The AD’s Achilles’ heel

The AD’s Achilles’ heel

ON January 7, 2017, the Alliance of Democrats (AD) delegates from all the 80 constituencies gathered at the Lesotho High School hall to unveil and inaugurate the party constitution and an interim committee. At that maiden conference, the thorn in the side of some delegates was the nomination of Hon. Mokhele Moletsane as the Secretary General (SG) of the new party. The delegates were divided as some felt Hon. Moletsane was too young to hold such an esteemed office, but other delegates were adamant that his age was appropriate as he could sway the youth to join the party in hordes.

In December 2017, the AD was rocked by letters pushing for the removal of the National Executive Committee (NEC). The main target of those letters from the constituencies was the SG.
The people complained about what they called described as lack of transparency by the office of the SG regarding the deployment of ministers, deputy ministers, Senate appointments and other political appointees like diplomats.

There were also complaints that the SG had side-lined certain individuals when he drafted the proportional representation list.
Elections were subsequently held in March 2018 and a new committee was elected. During the build up to this elective conference, the post that was fiercely contested was that of SG. You would swear there were no other positions in the party structures.

The leader of the party himself intervened and asked some people to withdraw from contesting that position but his efforts came to naught.
And last week Thursday, hardly six months since the election of the NEC, there was chaos at the Alliance of Democrats offices. Some of its disgruntled members burned furniture in their bid to petition the secretary general, Dr Mahali Phamotse, who is also minister of Gender and Youth, Sports and Recreation.
The crux of the petition was that the secretary general is sabotaging the party and its members when it comes to allocation of jobs. They claim the SG favours people from Leribe and those who are not AD members.

They cite the case of the daughter of Democratic Congress (DC) MP who was hired at the ministry despite having many educated AD members who could have been allocated that position.
The placards held by protesters had messages ranging from “Mahali must fall” to “Mahali ke sebolu” (meaning Mahali is corrupt). The angry mob said they had been spurred into action by what they term “expulsion” of the party members from the ministry.

In an interview with a local radio station, Dr Phamotse professed ignorance on the expulsion of AD members but indicated that they have been served with letters to “show-cause” as to why they cannot be summoned for a disciplinary hearing regarding their conduct at work.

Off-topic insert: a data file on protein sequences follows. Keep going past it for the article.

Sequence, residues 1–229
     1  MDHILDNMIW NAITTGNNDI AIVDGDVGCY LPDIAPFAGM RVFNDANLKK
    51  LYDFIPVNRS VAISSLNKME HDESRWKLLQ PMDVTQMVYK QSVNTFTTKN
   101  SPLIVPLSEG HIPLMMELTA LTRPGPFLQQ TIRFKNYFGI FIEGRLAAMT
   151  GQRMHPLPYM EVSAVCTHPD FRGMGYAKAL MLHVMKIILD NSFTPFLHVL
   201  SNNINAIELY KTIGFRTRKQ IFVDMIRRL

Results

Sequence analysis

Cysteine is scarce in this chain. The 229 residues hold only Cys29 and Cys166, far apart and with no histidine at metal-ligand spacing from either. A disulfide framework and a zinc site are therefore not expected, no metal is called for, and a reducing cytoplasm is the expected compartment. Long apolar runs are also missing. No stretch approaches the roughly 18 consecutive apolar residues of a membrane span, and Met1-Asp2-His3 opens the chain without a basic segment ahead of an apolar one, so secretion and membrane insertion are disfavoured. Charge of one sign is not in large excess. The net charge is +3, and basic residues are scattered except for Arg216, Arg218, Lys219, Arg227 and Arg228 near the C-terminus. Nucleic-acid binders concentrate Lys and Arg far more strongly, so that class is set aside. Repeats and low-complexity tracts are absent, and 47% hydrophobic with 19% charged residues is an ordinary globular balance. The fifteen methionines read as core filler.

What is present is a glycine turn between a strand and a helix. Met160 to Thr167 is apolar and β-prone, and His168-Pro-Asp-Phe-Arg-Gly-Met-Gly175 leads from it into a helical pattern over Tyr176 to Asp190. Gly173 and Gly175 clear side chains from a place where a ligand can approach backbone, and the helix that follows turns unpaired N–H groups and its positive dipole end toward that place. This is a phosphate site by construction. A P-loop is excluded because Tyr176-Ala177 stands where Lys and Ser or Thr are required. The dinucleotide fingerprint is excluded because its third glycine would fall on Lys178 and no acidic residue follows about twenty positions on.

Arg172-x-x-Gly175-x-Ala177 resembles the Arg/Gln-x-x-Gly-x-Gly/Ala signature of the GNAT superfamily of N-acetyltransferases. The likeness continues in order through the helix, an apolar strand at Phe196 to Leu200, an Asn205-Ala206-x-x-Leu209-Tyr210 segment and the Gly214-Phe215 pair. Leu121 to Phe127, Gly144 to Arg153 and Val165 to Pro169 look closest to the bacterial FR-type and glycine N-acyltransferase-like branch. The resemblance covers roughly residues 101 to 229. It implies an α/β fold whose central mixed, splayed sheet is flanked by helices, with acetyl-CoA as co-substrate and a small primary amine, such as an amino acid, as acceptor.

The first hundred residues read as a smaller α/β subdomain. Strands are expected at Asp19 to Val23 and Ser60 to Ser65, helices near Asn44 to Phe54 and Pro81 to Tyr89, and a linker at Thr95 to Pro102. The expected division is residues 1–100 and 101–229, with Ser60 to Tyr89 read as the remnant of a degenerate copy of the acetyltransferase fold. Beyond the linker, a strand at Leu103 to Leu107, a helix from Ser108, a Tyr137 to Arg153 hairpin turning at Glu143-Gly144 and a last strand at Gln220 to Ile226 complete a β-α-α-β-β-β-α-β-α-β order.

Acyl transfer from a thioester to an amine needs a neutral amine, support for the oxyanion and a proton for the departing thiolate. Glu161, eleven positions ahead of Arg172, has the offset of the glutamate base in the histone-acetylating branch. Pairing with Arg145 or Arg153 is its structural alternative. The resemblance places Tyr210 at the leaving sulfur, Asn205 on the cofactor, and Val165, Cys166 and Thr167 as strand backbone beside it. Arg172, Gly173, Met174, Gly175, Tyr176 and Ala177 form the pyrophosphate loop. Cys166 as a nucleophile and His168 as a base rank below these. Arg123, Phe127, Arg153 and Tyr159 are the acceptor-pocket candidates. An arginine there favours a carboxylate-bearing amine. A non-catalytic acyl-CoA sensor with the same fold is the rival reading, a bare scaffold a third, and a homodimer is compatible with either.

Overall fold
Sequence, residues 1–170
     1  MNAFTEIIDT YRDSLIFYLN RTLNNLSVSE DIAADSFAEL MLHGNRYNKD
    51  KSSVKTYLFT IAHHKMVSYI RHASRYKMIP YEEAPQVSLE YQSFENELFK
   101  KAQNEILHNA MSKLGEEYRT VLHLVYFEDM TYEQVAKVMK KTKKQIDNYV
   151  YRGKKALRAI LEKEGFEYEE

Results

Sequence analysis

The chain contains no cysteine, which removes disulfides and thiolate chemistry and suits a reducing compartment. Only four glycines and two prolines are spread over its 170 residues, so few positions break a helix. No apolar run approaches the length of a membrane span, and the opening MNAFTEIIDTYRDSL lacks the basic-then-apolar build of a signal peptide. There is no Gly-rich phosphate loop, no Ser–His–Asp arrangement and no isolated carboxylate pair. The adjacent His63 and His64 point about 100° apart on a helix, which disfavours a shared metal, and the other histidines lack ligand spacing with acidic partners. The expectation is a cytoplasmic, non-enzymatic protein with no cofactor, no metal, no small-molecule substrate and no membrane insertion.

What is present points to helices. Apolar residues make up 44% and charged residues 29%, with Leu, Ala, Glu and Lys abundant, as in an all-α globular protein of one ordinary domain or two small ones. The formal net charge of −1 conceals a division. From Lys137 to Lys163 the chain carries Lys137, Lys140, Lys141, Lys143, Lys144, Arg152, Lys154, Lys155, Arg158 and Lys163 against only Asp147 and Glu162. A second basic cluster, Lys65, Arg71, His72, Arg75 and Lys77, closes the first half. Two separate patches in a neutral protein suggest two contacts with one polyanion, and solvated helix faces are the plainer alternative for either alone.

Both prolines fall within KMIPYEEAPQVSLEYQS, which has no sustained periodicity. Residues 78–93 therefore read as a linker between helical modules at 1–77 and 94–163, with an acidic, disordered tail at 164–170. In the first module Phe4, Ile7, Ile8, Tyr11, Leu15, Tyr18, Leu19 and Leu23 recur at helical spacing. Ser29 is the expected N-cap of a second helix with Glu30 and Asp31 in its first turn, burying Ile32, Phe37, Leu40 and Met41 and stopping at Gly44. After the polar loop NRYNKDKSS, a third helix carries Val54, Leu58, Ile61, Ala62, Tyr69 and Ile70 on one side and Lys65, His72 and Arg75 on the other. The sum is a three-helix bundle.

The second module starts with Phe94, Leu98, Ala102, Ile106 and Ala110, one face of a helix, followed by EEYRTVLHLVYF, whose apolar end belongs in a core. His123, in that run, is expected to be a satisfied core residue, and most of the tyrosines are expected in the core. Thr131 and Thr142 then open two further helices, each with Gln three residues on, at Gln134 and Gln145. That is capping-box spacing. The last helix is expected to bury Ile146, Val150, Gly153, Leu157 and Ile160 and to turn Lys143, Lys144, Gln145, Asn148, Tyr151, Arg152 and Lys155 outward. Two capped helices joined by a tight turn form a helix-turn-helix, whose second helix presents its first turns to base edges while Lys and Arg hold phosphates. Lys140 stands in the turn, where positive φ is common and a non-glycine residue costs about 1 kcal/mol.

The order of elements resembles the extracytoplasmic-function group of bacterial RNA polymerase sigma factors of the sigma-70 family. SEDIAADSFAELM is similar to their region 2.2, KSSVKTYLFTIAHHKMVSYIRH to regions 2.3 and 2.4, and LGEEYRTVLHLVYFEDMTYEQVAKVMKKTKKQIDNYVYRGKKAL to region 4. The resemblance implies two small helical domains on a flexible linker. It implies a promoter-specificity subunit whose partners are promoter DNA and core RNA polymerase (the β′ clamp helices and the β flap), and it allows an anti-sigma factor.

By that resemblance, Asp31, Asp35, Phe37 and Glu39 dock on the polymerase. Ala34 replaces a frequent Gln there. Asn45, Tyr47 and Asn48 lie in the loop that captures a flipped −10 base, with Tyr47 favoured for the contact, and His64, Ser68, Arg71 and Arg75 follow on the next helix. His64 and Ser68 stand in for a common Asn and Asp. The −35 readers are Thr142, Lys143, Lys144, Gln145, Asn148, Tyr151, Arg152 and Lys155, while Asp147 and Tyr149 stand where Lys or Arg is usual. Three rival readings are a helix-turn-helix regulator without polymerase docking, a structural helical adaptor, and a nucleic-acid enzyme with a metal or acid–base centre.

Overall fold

The leader of the party, who is also the Deputy Prime-Minister Hon. Monyane Moleleki, held a meeting in an endeavour to put out the flames on Sunday 23 September at the party headquarters. It is at this meeting where he explained the extent of the damage that the protesters have caused on the party’s property.

He also emphasised that political appointees that do not abide by the contracts of their appointments will indeed face the consequences.
The chaos that took place on Thursday comes at a time when the party is preparing for a leadership conference that will be held in Thaba Tseka on the weekend of September 28, 2018.
This is conference that mandated, among other matters, to review the progress of the party with the aim of devising new strategies that will assist in the growth of the party. Among issues that have haunted the AD is the deployment of political cadres.

Section 5.2.4 of the AD constitution deals with appointing powers. In simple terms it says the National Executive Committee will have the following powers: (a) to advise the leader on the appointment, expulsion and reshuffle of ministers, deputy ministers and all other political appointees. Additionally, section 5.3.3 deals with the duty and responsibility of the SG (f) to employ and to retrench workers after consultation with the NEC.

There is nowhere in the constitution where the office of the SG can on its own employ or retrench employees. As such it is confusing for those of us watching from the outside when members of the party accuse the SG, not the NEC, for what they term deployment that lacks transparency.
The fight against the office of SG seems to be the AD’s Achilles’ heel and the sooner the party realises this and cleans its house the better.
It is also imperative to note that the AD is the second largest party in the coalition government and if they cannot keep their house in order that might affect the government.
The situation looks precarious already.

A few weeks ago, it was the ABC that was battling with disputes and unruly behaviour from members. Last week it was the AD. These problems need not lead to the collapse of the government because they are clearly surmountable.

The AD NEC should utilise the leadership conference this coming weekend as a platform for teaching members the duties and responsibilities of the office bearers. The party should also look into harmonising the sections of the constitution that seem to be confusing.
The NEC should also ensure that the Constitution is available to all its members. Like I said, the AD problems affects the stability of the current coalition government and as a concerned Mosotho I would not like to see anything that could further derail the already overdue national reforms.

By:  Kelello Rakolobe

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